After centuries of being victimized by slave raiding, after a decade and a half which has seen two of the worst famines in the entire history of Africa -- one in 1987 and 1988, the other one in 1998 -- and after continuing assaults by government-supported militia, the Dinka of Bahr Al-Ghazal are saying emphatically, enough is enough.
This is very significant because the Bahr Al-Ghazal Dinka are the backbone of the SPLA, as many of you know, and the backbone of the rank and file of the SPLA army. It matters what they think. They are very clear -- and this is an important point -- self-determination must be part of the solution, or they will keep fighting to the last man.
Let's understand their sentiment. The sentiment is not, as some from afar might think, we have suffered so much, so now we must settle, we must compromise. Rather, the sentiment is this: We have suffered so much, we cannot turn back now. The bottom line for these people, the bottom line is self-determination, and that means in some way, shape, or form, that they will control their destiny.
Now, that can be negotiated in many different ways, in any meaningful ways. But it cannot be given away at the outset, as many in the international community would have it.
Next, let's travel to the east a bit, across the Nile to Upper Nile, the region of Upper Nile, which is the home, of course, of the oil fields. Now, oil isn't the only cause of the war, as all of you know, but it certainly has intensified the war since the exploitation began in 1998 and '99. That has never been more true than today, as the key Upper Nile commanders begin to reunite and have continued to reunite with the SPLA, the dominant opposition faction, creating more and more of a unified South.
While southern Sudanese exiles have had a very intense debate that many of you are perhaps aware of over the last year or so about the future of southern Sudan, and given the impression perhaps of some disunity in the South, quite a different process has been taking place and unfolding on the ground in Upper Nile. Ten years after the SPLA split, it splintered where the Nuer commanders largely left the SPLA, and resulted in a badly divided South, which divided Dinka and Nuer communities right down the middle.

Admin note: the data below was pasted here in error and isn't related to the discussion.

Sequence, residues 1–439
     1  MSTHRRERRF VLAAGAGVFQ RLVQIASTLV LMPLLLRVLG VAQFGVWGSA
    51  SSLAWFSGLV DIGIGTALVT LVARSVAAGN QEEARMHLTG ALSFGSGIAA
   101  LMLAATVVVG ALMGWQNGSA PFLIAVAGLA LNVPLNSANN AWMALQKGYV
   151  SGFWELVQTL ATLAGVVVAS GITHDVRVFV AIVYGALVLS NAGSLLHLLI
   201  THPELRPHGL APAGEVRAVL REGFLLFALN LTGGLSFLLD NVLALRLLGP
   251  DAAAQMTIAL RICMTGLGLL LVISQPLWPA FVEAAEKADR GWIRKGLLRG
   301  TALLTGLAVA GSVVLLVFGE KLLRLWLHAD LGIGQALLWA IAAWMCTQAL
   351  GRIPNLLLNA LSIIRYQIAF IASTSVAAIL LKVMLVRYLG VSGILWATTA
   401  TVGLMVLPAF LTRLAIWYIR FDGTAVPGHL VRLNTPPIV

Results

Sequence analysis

Reconciliation is now taking root, thanks in large part to the efforts of the new Sudan Council of Churches, who have also addressed an audience here in this building. This new Sudan Council of Churches' effort has been a bottom-up peace process that is now culminating, finally, in the reunion of the top guns. This means that despite all the predictions -- and we heard many of them -- that the oil wealth would lead to an overwhelming military advantage for the government, unity in the South is impacting significantly in a different way, the other way, and driving oil companies to review their plans for Sudan.
Next, let's travel up the Nile to Khartoum, where all the oil development has fueled the government's desire to not allow any outcome that could lead to the division of the country. Self-determination then becomes a rhetorical device which must be reduced to its lowest common denominator and must be used in some way, shape, or form as a vehicle to maintain unity in the country. The political Islamist agenda, which drove this coup in 1989 and has driven this government's agenda, has become much more complicated as efforts to cooperate with counterterrorism have unfolded and they harm, in fact, international Islamist ties.
Also, in Khartoum, when you meet with internally displaced people, with the churches, with other communities who have come in because of civil conflict and are residing around the outskirts of Khartoum -- you again get this extraordinary sense. You get a taste of the depth of the racial and religious discrimination that is perceived by people and is, again, driving this conflict, driving the central cause of this conflict and its continuation.
Also in Khartoum is a beleaguered, but nevertheless committed, set of civil society and political party activists and organizations. They represent the aspirations of the vast majority of the Sudanese people and, in different ways, are working towards one main objective, and that is democracy.
So now let's travel east from Khartoum to the Eritrean border, and take a quick jump and stop in Asmara and Cairo. In all of these places, you find representatives of what's called the National Democratic Alliance, the consortium, the umbrella of opposition groups in Sudan, who remind you that this is not just a North-South war, but a national struggle for rights and representation.
In Cairo, one experiences in a more open way what I think is felt throughout much of the rest of Africa: opposition to an independent southern Sudan. The Egyptian government reads any proposal for self-determination as laying the groundwork for separation, and no one yet has successfully disabused them of that notion. That, in the end, will have to be the job of the United States Government and of the Sudanese themselves.